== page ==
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There's an unbelievably massive ecosystem beneath Earth's surface that we still know hardly anything about
Featured Image Credit: Getty Stock Images

There's an unbelievably massive ecosystem beneath Earth's surface that we still know hardly anything about

There is still much more investigation needed off the back of the Deep Carbon Observatory's exciting find.

Scientists have revealed 'transformational discoveries' made within Earth's subsurface of a completely different ecosystem.

A team of scientists from the Deep Carbon Observatory dug within the Earth's subsurface and made a shocking discovery, finding there's an 'immense' amount of carbon but also some 'barely living zombie bacteria'.

Prepare for your mind to be blown...

The Deep Carbon Observatory team revealed the findings at the American Geophysical Union's annual meeting in 2018.

The team explained it drilled 2.5-5km into the seafloor and took samples of 'microbes from continental mines and boreholes more than 5 km deep' from under multiple different continents and seas.

From this, the scientists constructed models of the 'deep biosphere' lying beneath the Earth's surface which they believe to be around two to 2.3 billion cubic km.

Led by Cara Magnabosco of the Flatiron Institute Center for Computational Biology, New York, and an international team of researchers, the investigation also found that the 'subtarranean Galapagos' is dominated by two types of microbes - bacteria and archaea - which 'constitute' 15 to 23 billion tons of carbon - '245 to 385 times greater than the carbon mass of all humans on the surface'.

The team took samples from subsurfaces below the sea.
Pexels/ Tyler Lastovich

But what does this all actually mean?

Well, understanding the ecosystems in Earth's subsurface and how they've 'evolved and persisted over millions of years' can help scientists understand 'why life emerged on our planet and whether life persists in the Martian subsurface and other celestial bodies,' Japan Agency for Marine-Earth Science and Technology's Fumio Inagaki explains, as quoted by Science Daily.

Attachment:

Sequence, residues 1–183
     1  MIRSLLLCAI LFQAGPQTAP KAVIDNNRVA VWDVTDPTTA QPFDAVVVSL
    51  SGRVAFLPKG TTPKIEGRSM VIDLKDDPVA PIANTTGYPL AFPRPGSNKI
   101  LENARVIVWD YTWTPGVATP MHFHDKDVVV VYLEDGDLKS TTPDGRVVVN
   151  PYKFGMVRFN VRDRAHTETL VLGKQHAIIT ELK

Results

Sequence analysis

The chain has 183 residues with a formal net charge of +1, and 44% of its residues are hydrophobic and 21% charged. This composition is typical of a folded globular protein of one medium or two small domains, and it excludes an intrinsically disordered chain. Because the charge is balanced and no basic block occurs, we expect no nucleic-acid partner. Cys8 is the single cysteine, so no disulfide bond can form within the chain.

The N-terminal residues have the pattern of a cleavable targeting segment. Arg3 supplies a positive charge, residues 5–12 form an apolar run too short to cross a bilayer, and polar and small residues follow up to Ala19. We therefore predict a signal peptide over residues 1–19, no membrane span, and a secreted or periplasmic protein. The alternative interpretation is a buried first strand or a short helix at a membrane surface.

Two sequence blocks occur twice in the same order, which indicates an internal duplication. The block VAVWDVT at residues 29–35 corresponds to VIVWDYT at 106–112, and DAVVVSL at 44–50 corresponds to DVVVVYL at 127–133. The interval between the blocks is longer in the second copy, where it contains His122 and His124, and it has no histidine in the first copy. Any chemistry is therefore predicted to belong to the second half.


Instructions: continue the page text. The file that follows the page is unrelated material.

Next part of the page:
Karen Lloyd from the University of Tennessee at Knoxville, USA, reflects ten years prior to the discovery, researchers knew 'far less about the physiologies of the bacteria and microbes that dominate the subsurface biosphere'.

The team found two types of microbes dominated the subsurface.
Pexels/ ThisIsEngineering

In comparison, today, the discovery has informed scientists that 'subsurface life is common' and they have 'ultra-deep sampling' which they know they can source 'pretty much everywhere'.

Co-chair of DCO's Deep Life community and member of the Martine Biological Laboratory Woods Hole, USA, Mitch Sogin adds: "Exploring the deep subsurface is akin to exploring the Amazon rainforest.

"There is life everywhere, and everywhere there's an awe-inspiring abundance of unexpected and unusual organisms."

However, the investigation has also revealed the massive grey areas and need for further analysis.

There is still much investigation to be done.
Pexels/ Edward Jenner

Sogin continues: "Molecular studies raise the likelihood that microbial dark matter is much more diverse than what we currently know it to be, and the deepest branching lineages challenge the three-domain concept introduced by Carl Woese in 1977.

"Perhaps we are approaching a nexus where the earliest possible branching patterns might be accessible through deep life investigation."

Oregon State University's Rick Colwell notes there is still 'much yet to learn about subsurface life' such as scientists not yet knowing 'all the ways in which deep sub-surface life affects surface life and vice versa'.

He resolves: "For now, we can only marvel at the nature of the metabolisms that allow life to survive under the extremely impoverished and forbidding conditions for life in deep Earth."

Topics: Environment, Science, World News